BBC NEWS Americas Africa Europe Middle East South Asia Asia Pacific Arabic Spanish Russian Chinese Welsh

 You are in:  World: Europe
Front Page 
Middle East 
South Asia 
From Our Own Correspondent 
Letter From America 
UK Politics 
Talking Point 
In Depth 

Commonwealth Games 2002

BBC Sport

BBC Weather

Wednesday, 1 May, 2002, 16:38 GMT 17:38 UK
Turkey still angry over fans' behaviour
Defendant Ali Umit Demir
Ali Umit Demir admitted using a knife
test hello test
Jonny Dymond
In Istanbul

Ali Umit Demir "was right" to stab Leeds Utd fans Kevin Speight, 37, and 40-year-old Christopher Loftus and was "a patriot".

These were some of the responses from Istanbul residents and workers hours after Mr Demir was sentenced to a total of 15 years for their murders.

Other residents said he had received a "very heavy sentence" which he "did not deserve".

The trial was not a headline grabber: the repeated adjournments and delays in the verdict and sentence had knocked people's interest.

But everyone the BBC spoke to in central Istanbul had heard about the verdicts.

Kevin Speight with his eight-year-old son George
Kevin Speight was a father of two young children
The reason for the level of interest is clear to those who live here: two passions are intertwined in the case - football and nationalism.

Football is sport here and for many Istanbul residents Galatasaray - who won the league last Sunday - is football.

As for nationalism, Turkey is a young country created against the odds at the end of World War I.

All male Turks serve in the army and the flag, a white crescent and star on a red background, is almost as omnipresent as the portraits of Turkey's founder Kemal Ataturk

So when reports began to circulate after the killings that Leeds fans had desecrated the national flag and defaced the currency, it is not surprising that feelings ran high.

One Galatasaray official said recently there was a cultural chasm between England and Turkey.

"Dropping your trousers drunkenly in a town centre or abusing women might be acceptable in England but it caused grave offence in Turkey," he said.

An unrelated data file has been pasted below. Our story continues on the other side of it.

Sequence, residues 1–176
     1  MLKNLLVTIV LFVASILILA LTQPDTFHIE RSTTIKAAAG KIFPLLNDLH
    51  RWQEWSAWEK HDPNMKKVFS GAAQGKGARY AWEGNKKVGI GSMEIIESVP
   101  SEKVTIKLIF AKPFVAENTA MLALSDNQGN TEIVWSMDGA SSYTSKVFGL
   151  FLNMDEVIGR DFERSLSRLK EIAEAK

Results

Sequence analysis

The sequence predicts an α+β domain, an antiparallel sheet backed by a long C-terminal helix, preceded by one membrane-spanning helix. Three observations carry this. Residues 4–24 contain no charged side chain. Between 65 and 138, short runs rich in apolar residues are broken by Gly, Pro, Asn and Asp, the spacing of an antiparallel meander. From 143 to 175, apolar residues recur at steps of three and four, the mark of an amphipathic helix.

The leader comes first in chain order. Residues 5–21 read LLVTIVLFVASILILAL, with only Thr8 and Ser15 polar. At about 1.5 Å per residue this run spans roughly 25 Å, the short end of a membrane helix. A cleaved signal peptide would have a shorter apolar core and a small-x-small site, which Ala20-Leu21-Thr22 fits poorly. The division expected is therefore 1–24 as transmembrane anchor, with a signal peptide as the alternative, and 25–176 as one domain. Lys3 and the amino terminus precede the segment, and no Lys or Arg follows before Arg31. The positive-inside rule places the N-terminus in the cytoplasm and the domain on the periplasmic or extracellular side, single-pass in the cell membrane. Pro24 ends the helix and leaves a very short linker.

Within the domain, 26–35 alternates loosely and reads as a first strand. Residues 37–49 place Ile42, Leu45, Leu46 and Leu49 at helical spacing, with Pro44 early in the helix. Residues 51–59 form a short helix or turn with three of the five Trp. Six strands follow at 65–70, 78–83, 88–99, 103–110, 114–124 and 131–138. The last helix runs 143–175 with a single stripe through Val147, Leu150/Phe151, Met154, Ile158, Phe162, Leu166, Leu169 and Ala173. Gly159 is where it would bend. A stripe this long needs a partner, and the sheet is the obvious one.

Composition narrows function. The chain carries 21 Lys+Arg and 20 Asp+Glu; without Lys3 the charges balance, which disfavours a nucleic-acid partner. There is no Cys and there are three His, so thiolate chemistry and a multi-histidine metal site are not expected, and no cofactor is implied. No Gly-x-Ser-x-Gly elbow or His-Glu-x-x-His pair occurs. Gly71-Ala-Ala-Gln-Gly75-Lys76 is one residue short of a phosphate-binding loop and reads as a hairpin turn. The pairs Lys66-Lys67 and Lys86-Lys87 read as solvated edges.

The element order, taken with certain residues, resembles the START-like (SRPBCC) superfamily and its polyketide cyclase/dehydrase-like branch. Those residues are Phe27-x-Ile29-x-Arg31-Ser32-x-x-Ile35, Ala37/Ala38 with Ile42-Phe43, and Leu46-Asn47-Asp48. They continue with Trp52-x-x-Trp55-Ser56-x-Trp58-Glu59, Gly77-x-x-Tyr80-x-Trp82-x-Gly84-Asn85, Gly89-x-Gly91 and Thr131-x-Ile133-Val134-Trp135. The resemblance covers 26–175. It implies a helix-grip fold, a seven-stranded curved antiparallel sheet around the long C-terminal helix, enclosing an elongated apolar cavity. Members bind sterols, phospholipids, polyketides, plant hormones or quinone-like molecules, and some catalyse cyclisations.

The Istanbul court clearly accepted some of the stories. The sentence Mr Demir received was cut by a quarter because it was judged that he was provoked when he stabbed the two Leeds fans.

In the final hearing on Wednesday his defence lawyer went further, suggesting that the British police knew that "hundreds" of known hooligans were coming across.

He also wondered what might have happened if Turkish fans were found urinating on a British flag in Trafalgar Square.

Ozgur Akyol, out walking with a friend, protested that "it was the Leeds fans who came to Istanbul, drank in pubs and started the fight".

"So 15 years is really high," he said.

"This will affect Turkish-English relationships negatively".

Saban Eksi, eating lunch in a small café, suggested football between the two countries should be curtailed

Christopher Loftus
Christopher Loftus was stabbed to death
"England should not come to Turkey to play football with us ever again," he said

"UEFA should not confront us with this kind of team. Their fans wipe our flag on their arses and provoke us."

He was echoed by a woman having a coffee.

Dilek San said she thought that Mr Demir was right to stab the men "because there was provocation".

"The penalty of 15 years is very high because we are on the right side," she said.

There was concern from everyone about Anglo-Turkish relations, but equally Turks are not going to take what they perceive to be an insult to their country lying down.

Ahmet Gundoglu summed it up.

"This man is a patriot so they should reduce the penalty," he said.

"Our flag was insulted. Would an American let anyone insult their flag?"

See also:

01 May 02 | England
No 'closure' for Leeds widow
01 May 02 | Europe
Leeds fans' night in 'Hell'
11 Feb 02 | Europe
Turkish justice moves slowly
24 Dec 01 | Europe
Leeds deaths trial adjourned
19 Jan 01 | Europe
Turkish accused seek amnesty
Internet links:

The BBC is not responsible for the content of external internet sites

Links to more Europe stories are at the foot of the page.

E-mail this story to a friend

Links to more Europe stories